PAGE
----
The critical issue common to these two appeals is whether an accountant may be held liable, absent privity of contract, to a party who relies to his detriment upon a negligently prepared financial report and, if so, within what limits does that liability extend.
In Credit Alliance Corp. v Andersen & Co. ("Credit Alliance"), plaintiffs are major financial service companies engaged primarily in financing the purchase of capital equipment through installment sales or leasing agreements. Defendant, Arthur Andersen & Co. ("Andersen"), is a national accounting firm. Plaintiffs' complaint and affidavit
It is alleged that both statements overstated Smith's assets, net worth and general financial health, and that Andersen failed to conduct investigations in accordance with proper auditing standards, thereby failing to discover Smith's precarious financial condition and the serious possibility that Smith would be unable to survive as a going concern. Indeed, in 1980, Smith filed a petition for bankruptcy. By that time, Smith had already defaulted on several millions of dollars of obligations to plaintiffs.
In August 1981, plaintiffs commenced this suit for damages lost on its outstanding loans to Smith, claiming both negligence and fraud by Andersen in the preparation of its audit reports. The complaint alleges that Andersen knew, should have known or was on notice that the 1977 and 1979 certified statements were being utilized by Smith to induce companies such as plaintiffs to make credit available to Smith. The complaint further states that Andersen knew, should have known or was on notice that the certified statements were being shown to plaintiffs for such a purpose.
On Andersen's motion to dismiss the complaint, Special Term initially held the negligence cause of action to be barred by the Statute of Limitations, but denied the motion with regard to the claim for fraud. On reargument, the court reversed its dismissal
The Appellate Division granted Andersen's motion for leave to appeal to this court and certified the following question: "Was the order of the Supreme Court, as affirmed by this Court, properly made?" Because the allegations in plaintiffs' complaint and affidavit fail to set forth either a relationship of contractual privity with Andersen or a relationship sufficiently intimate to be equated with privity, the first cause of action should be dismissed. Further, inasmuch as plaintiffs' second cause of action, sounding in fraud, comprises mere conclusory allegations, it also should be dismissed. Accordingly, in Credit Alliance, we now reverse and answer the certified question in the negative.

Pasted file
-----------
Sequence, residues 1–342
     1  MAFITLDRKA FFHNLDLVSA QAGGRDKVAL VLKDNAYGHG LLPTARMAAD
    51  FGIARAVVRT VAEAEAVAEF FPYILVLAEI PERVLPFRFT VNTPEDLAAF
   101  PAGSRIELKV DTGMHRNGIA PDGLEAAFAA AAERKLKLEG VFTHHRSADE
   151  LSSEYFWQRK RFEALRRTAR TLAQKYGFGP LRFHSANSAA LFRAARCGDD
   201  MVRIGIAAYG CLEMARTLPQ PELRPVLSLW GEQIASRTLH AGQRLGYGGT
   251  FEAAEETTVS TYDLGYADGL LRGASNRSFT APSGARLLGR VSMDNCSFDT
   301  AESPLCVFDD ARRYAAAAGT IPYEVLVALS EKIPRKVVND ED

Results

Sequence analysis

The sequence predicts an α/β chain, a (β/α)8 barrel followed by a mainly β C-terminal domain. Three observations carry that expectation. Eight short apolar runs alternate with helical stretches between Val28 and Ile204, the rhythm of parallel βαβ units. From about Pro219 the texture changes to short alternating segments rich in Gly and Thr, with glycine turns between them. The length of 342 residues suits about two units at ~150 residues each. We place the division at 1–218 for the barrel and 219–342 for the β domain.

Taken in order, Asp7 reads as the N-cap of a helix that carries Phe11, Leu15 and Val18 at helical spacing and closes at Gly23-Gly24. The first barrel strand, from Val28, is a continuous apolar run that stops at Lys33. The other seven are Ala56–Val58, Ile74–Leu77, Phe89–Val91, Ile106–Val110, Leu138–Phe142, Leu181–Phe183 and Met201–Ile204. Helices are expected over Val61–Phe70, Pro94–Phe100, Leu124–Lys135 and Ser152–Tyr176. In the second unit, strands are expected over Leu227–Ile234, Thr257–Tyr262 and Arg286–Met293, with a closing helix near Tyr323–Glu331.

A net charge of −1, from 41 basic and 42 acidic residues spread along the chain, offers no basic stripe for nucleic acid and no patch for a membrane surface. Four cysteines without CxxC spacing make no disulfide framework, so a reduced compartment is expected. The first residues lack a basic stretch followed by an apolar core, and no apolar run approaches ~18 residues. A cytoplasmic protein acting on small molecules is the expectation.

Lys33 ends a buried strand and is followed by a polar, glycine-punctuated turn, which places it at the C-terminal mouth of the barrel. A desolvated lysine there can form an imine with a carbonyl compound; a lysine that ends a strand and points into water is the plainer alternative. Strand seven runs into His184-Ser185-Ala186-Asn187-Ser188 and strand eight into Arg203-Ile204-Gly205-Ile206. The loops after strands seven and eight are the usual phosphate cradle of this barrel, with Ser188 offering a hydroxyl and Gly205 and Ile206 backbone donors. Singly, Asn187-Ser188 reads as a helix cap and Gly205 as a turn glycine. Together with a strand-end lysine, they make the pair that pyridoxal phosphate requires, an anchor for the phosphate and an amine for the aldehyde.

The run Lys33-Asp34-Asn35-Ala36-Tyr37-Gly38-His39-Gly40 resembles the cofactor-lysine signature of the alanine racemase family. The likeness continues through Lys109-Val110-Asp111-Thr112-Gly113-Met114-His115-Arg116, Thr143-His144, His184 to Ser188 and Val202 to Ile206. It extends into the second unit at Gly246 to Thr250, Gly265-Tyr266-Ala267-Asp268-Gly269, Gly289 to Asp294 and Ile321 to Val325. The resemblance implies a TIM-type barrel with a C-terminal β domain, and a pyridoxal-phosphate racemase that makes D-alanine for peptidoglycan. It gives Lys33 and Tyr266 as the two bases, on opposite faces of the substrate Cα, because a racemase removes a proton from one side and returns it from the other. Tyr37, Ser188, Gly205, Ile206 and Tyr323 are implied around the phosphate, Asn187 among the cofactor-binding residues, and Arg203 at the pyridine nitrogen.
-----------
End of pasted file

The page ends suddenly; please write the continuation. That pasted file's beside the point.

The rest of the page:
In European Am. Bank & Trust Co. v Strauhs & Kaye ("European American"), the complaint, together with the affidavit in opposition to the motion to dismiss, alleges that plaintiff, European American Bank and Trust Company ("EAB"), made substantial loans to Majestic Electro Industries and certain of its subsidiaries (collectively, "Majestic Electro") in March 1979 pursuant to their written agreements. Several months later, EAB partially financed Majestic Electro's acquisition of Brite Lite Lamps Corp. by again advancing substantial funds.
Beginning in 1979, and continuing thereafter at all relevant times, Majestic Electro retained defendant Strauhs & Kaye ("S & K"), an accounting partnership rendering services in this State, to audit its financial records in accordance with GAAS and to report its findings in conformity with GAAP. During the course of its lending relationship with Majestic Electro, EAB relied upon the interim and year-end financial reports prepared by S & K to determine the maximum amounts it was willing to lend. From 1979 through 1982, S & K allegedly, inter alia, overstated Majestic Electro's inventory and accounts receivable, and failed to disclose the inadequacy of Majestic Electro's internal recordkeeping and inventory control.
EAB commenced this action in May 1983, seeking damages for those losses allegedly resulting from its reliance upon S & K's reports. EAB specifically alleges negligence in that S & K, in performing auditing and accounting services for Majestic Electro, at all relevant times knew that EAB was Majestic Electro's principal lender, was familiar with the terms of the lending relationship, and was fully aware that EAB was relying on the financial statements and inventory valuations certified by S & K. Moreover, it is alleged that representatives of EAB and S & K were in direct communication, both oral and written, during the entire course of the lending relationship between EAB and Majestic Electro, and, indeed, that representatives of EAB and S & K met together throughout this time to discuss S & K's evaluation of Majestic Electro's inventory and accounts receivable and EAB's reliance thereon.